There’s much to learn, and to be honest, a couple of the key aspects of Cloud Foundry actually make it more challenging (and interesting) for me to get to grips with. It’s open, and with BOSH, can potentially target different IaaS offerings (initially vSphere and the beginnings of AWS support; a hackathon yesterday aimed at adding OpenStack to the list) – so suddenly I need to know about those. It’s a polyglot platform, which means I need to broaden my language knowledge – I’m already making a start on Ruby and node.js, to complement existing Java and PHP knowledge.

It’s also exciting to learn more about what VMware does, the layers of technology that they offer, and their vision. My previous experience has primarily been with the desktop virtualisation technology, but there’s a huge and vibrant community around the server-side virtualisation tools, and products like Socialcast, Sliderocket and Zimbra in the collaboration space too.

There’s a lot of exciting stuff happening in this space. It’s thrilling to be here. Thanks to all of my new colleagues for a warm welcome and support – looking forward to working with you!

Eclipse Paho gets started…

Since the announcement of Eclipse Paho (an Open Source project under the Machine-to-Machine umbrella at Eclipse) there has been a fair amount of excitement in the MQTT community about the availability of IBM’s C and Java client code under an Open Source license.

The initial proposal and setup stages have taken a little while, but this week the initial availability of the C client code was announced on the Paho mailing list (Java will follow shortly).

PahoHALF

Paho Quickstart

This is not intended to be a comprehensive guide – better documentation etc will emerge over time – but I thought I’d post a quick guide as a kickstart for anyone wanting to give it a look. I did this on 64-bit Ubuntu 11.10 – similar steps will apply on other Linux or UNIX platforms (note, the initial code contribution has a Makefile with rules which should work on UNIX, Windows, or z/OS).

Install the necessary packages to build code. NB git is for grabbing the source from Eclipse; build-essentials is a metapackage providing gcc etc on Ubuntu; and doxygen and optional graphviz are used for generating the documentation.

sudo apt-get install git build-essentials doxygen graphviz

Get the code from the git repository:

git clone git://git.eclipse.org/gitroot/paho/org.eclipse.paho.mqtt.c.git

Quick build for the client library and documentation:

cd org.eclipse.paho.mqtt.c.git/src
make -f ../build/Makefile all
doxygen ../doc/DoxyfileV3ClientAPI

Once these commands complete, you should be left with subdirectories called <platform> and docs. In my case, <platform> was 64-bit Linux, so I had a binary at linux_ia64/libmqttv3c.so. There’s no “make install” rule at the moment, nor is there a rule to compile the docs so I had to run doxygen directly. In the future it would be nice to automate all of that, and also to build some test applications.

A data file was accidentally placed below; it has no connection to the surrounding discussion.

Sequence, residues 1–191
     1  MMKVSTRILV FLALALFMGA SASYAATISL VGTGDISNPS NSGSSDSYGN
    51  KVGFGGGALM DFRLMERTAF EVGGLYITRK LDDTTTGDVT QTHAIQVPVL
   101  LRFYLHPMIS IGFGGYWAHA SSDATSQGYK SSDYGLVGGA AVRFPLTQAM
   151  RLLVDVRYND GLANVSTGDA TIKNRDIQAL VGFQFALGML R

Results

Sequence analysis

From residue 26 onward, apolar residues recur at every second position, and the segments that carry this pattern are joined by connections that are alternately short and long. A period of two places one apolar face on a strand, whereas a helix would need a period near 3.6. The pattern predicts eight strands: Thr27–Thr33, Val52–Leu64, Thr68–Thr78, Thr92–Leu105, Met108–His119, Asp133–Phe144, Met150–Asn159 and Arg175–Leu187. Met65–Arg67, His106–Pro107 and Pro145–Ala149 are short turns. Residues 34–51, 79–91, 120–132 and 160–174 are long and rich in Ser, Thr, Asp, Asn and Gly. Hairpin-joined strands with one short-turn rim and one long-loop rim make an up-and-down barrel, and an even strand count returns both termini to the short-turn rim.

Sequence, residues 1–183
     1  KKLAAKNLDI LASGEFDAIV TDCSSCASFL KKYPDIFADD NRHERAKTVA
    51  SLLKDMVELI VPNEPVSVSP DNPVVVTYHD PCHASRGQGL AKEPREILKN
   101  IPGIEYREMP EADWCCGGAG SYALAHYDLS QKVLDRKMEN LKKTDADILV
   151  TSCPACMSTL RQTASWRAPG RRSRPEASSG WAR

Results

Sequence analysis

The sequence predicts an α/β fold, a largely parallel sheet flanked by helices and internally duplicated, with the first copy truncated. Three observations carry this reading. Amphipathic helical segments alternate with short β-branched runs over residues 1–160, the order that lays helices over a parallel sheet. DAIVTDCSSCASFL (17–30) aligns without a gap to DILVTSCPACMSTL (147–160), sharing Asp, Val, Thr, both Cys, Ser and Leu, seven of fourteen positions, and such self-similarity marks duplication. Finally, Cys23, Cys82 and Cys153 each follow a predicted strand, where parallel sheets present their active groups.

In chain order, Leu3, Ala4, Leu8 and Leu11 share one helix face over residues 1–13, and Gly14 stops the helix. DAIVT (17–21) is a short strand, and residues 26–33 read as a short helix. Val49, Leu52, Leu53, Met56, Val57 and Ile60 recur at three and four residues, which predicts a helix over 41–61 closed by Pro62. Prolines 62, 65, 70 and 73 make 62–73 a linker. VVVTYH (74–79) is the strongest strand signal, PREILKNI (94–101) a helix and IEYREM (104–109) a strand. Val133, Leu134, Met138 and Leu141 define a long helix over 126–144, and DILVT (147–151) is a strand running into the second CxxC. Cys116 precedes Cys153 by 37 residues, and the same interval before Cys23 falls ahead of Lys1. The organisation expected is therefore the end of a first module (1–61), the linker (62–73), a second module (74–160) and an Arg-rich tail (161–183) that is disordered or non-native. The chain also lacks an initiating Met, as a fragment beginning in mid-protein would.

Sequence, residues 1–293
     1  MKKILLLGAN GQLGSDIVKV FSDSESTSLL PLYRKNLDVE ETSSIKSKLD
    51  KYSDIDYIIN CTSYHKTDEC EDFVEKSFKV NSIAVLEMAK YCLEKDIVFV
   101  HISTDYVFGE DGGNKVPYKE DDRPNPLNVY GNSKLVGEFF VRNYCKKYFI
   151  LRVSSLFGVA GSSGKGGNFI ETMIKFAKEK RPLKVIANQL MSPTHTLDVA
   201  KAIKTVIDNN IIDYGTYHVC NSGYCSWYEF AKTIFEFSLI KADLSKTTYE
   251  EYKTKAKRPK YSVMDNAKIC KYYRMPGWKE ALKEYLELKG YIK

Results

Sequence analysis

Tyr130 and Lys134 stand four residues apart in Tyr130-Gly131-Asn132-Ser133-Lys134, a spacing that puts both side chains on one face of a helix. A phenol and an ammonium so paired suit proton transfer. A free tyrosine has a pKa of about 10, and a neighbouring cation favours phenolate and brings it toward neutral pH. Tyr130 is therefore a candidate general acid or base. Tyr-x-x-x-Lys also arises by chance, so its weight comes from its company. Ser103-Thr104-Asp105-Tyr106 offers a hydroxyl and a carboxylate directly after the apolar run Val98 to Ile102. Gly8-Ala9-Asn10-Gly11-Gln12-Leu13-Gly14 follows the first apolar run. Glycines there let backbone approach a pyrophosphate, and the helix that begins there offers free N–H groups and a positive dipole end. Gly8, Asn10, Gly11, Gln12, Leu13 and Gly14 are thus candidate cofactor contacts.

Opening docs/html/index.html in a browser reveals very nice documentation describing the client library, including some examples of how to use it. For example, in docs/html/pubasync.html there’s a complete listing for an asynchronous publisher application. I extracted that code into pubclient.c and decided to check that it worked!

gcc -Wall pubexample.c -L./linux_ia64 -lmqttv3c -lpthread -o pubexample

That command successfully built a binary called pubexample. All I needed to do was test it. The sample application assumes that an MQTT broker is available on localhost port 1883 – if you want to change that, simply modify the value of the static variable ADDRESS in pubexample.c – in my case I simply apt-get installed the mosquitto and mosquitto-clients packages onto my system, but I could equally have unzipped and run Really Small Message Broker – both start on port 1883 by default if not given alternative configuration.

export LD_LIBRARY_PATH=$LD_LIBRARY_PATH:./linux_ia64/
./pubexample
Waiting for publication of Hello World!
on topic MQTT Examples for client with ClientID: ExampleClientPub
Message with token value 1 delivery confirmed

It was trivial to test that a subscriber (mosquitto_sub in my case) also received the publication. Job done!

Getting involved, and other news on Paho

I mentioned that the Java client contribution should appear soon. One other piece of news this week is that the project’s sandbox broker implementation – based on mosquittohas been spun up. That was posted on the Paho mailing list, and if you want to get involved you should definitely subscribe to that; start to track the Eclipse Bugzilla for Paho; watch the Paho wiki; keep an eye on the source repositories; etc.. I’m already thinking about getting an OS X build rule sorted out. If you want to test your sample code now, you’ve got the option of a local broker, the Eclipse Paho sandbox, the mosquitto sandbox, or various other implementations.

Oh – and please leave a comment on this post if you find this information interesting, or want to discuss where things are with Paho. I’ll be hanging out on the mailing list as well.

What about Bob? (or Andy, even!)

Well, although I’ve left IBM, I’m delighted that MQTT is now going Open Source – in fact that was one of the things that I really wanted to help to achieve before I moved on. I am really pleased that I will be able to continue to contribute to both Paho and the broader Eclipse M2M Industry Working Group. I’ll be helping to update the mqtt.org community site, and heading over to EclipseCon in Virginia in a couple of weeks’ time to talk about M2M and work with our friends from the Koneki project. If you are attending EclipseCon please come say hi to me – and you may be interested in Wes Johnson’s session on MQTT and Eclipse tools.

There are very cool times ahead!

Community, telephony, and prototypes: Make-a-thon

Warning: long post! the first in a series covering some of the events I’ve attended or been involved with lately.

Background

At January’s London Internet of Things meetup, I had the privilege to hear Haiyan Zhang speak with passion about various topics, including how she had collaborated with hackspaces in Japan in the aftermath of last year’s earthquake and subsequent nuclear disaster.